This is an excerpt from the chapter "Trump's Vision of America":
Why weren’t my church leaders more concerned about the virus? Because their leader, President Trump, wasn’t concerned. They were reflecting his values. I have come to call it drinking the “Trump Kool-Aid.” I wish I could say that the decision to go maskless and not be as concerned about social distancing was done under the guidance of the Holy Spirit. I can’t say that it was. The influence of the Republican Party and its leader had permeated the sermons and now even the conduct of the service. I couldn’t take it…
That brings me to Kenneth Copeland. There are few ministry leaders whose teachings I regard more highly. I have been to several of his ministry conferences and benefitted greatly from the teaching of his wife Gloria and those of his “spiritual sons,” Jerry Savelle and Creflo Dollar. For many years I was a financial supporter of his ministry. I was greatly disturbed, however, by a video that went viral, in which he led an outburst of what would be called holy laughter over the notion that Joe Biden had won the election. I was saddened and shocked.
He led this laughter session in a way that seemed to suggest that there was no way God could be done with the election because Donald Trump was God’s man. He was treating the election results in the same way that the president was, in mocking fashion, in denial. Had he been drinking the Trump Kool-Aid? I found out later that many other high-profile white evangelical leaders had wrongly prophesied that Trump was God’s choice and would be the winner. Kool-Aid on tap.
I understand that Kenneth Copeland later apologized. I’m not surprised. One of my favorite sermons by him was on the topic of “honor.” But his reaction showed me how far President’s Trump’s influence had reached into the body of Christ.
The Republican Party had been reshaped by the president. He had bullied, fired, and threatened the party into his own image. His leadership influence had also been unmistakably stamped on the evangelical church. Many in the church were parroting his views on race and even the coronavirus. I, as a life-long Republican voter, felt left out in 2016. The party became a MAGA-love fest in which I was only marginally included. I couldn’t see myself in President Trump’s vision of a great America.
Certainly by 2020, after the president had spoken out in favor of Confederate monuments and the rebel flag, praised Kyle Rittenhouse and invited the Proud Boys “to stand back and stand by,” there was no room for me at the table of a Trumpian America. But why was there still room for my Christian friends and leaders? The Kool-Aid.
President Trump had sold them on a vision of America in which people of color could sit comfortably on a second-tier or go back to the countries that they came from. The President had either succeeded in reshaping the values of many evangelicals or by exposing the values they already had. In either case, his leadership influence on them was clear for all to see.
I know that all Republicans and evangelicals do not share the president’s views. However, very few that disagree with him come forward to challenge him publicly.
“Millions of Republican voters do not agree with white supremacy, but they delude themselves when they ignore this rotting core of their party. One cannot simply brush off Confederate symbolism, race baiting and incitement of White militia as “just Trump talking” any more than one can pretend the post-election shenanigans are anything but an effort to disenfranchise Black voters so that White votes control the outcome. There is no “But Gorsuch” or “But tax cuts” or “But religious liberty” that justifies this behavior — akin to Whites of the 1950s saying they were not for segregation, just “states’ rights.”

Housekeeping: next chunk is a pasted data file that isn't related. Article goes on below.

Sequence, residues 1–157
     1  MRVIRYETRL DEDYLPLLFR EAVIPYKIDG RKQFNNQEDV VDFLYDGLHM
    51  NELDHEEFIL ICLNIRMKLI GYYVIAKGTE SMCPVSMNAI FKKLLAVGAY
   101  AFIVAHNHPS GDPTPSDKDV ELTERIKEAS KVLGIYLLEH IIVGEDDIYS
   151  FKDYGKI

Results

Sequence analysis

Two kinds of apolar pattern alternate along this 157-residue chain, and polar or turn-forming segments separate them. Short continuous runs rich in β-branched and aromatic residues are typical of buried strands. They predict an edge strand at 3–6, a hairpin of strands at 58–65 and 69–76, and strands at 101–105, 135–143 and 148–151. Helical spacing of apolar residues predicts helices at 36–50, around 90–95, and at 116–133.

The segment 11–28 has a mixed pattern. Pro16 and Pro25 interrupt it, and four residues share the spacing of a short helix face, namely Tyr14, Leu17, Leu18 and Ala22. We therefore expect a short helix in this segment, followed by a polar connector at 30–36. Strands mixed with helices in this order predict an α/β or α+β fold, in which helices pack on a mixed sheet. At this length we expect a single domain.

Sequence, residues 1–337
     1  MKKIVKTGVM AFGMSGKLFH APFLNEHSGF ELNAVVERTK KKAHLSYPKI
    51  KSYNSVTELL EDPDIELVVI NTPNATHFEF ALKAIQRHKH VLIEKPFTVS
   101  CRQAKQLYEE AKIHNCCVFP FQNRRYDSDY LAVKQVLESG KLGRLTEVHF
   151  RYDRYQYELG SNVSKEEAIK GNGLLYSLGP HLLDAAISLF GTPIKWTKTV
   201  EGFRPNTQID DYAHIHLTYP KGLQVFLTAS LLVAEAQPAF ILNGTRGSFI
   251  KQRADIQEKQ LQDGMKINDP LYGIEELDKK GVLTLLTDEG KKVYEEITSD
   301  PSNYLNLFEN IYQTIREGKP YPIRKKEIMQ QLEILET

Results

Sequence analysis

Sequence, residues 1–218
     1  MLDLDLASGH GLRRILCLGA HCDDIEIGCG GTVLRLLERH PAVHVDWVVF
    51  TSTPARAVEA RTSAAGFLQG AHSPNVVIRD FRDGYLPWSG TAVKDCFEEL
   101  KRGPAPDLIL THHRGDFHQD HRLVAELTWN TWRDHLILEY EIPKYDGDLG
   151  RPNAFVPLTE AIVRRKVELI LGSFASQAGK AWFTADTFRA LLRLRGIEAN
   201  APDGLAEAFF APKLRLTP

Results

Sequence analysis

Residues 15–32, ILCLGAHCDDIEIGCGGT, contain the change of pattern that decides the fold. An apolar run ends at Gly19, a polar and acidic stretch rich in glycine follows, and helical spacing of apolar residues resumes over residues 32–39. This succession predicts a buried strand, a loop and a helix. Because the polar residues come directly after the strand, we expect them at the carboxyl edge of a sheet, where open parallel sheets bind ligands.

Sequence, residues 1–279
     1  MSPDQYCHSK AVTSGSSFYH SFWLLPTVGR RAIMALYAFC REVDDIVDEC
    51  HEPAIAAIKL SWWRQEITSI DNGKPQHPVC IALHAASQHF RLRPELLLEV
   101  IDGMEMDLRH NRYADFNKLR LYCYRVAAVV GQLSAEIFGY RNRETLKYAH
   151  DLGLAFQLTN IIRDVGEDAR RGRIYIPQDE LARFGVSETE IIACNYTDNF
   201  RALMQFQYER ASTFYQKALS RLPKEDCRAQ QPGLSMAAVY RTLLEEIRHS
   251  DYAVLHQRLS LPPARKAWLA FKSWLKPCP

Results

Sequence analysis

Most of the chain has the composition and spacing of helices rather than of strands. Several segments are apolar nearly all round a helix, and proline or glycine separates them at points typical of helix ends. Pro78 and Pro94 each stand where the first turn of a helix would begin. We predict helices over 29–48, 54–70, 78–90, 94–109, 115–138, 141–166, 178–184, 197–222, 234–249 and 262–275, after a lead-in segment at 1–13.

Many pundits are pleading for the nearly 80 million people who voted for Biden to try to understand those who did not, but it is time to implore the less than 74 million who voted for Trump to take off their rose-colored glasses, confront what is at the core of the Trump movement and reject White grievance and Black disenfranchisement. Unless they do, there will be no healing, no reconciliation and no multiracial democracy.” (Rubin, 2020)
Being comfortable with this vision of exclusivity is a form of racism. It's a twisted world view that says that people that look like me deserve to dominate the American political, economic, and even spiritual leadership landscapes. Implied is a superiority complex tied to race and national origin. Embedded within, undergirding this exclusionary mindset is the long-enduring lie that one race of people built America.
Its close companion lie is that white people aren't descendants of immigrants or that descendants of white immigrants deserve a higher status amongst other people because white immigrants "founded our democracy."
These enduring lies support the thought that being born white eliminates the concept of meritocracy. It ignores our country's very founding principles that say all men are created equal and have the same unalienable rights bestowed by God. It says that because I was born white, it trumps any education, talents, efforts, or any other possible credential that you have as a minority.
Because I haven’t heard many Republican leaders or evangelical leaders, for that matter, “confronting” or “rejecting,” I cannot believe that they see that America is indeed in need of “healing” and “reconciliation.” Instead of contending for a “multiracial democracy,” they have embraced Trump’s vision of America.
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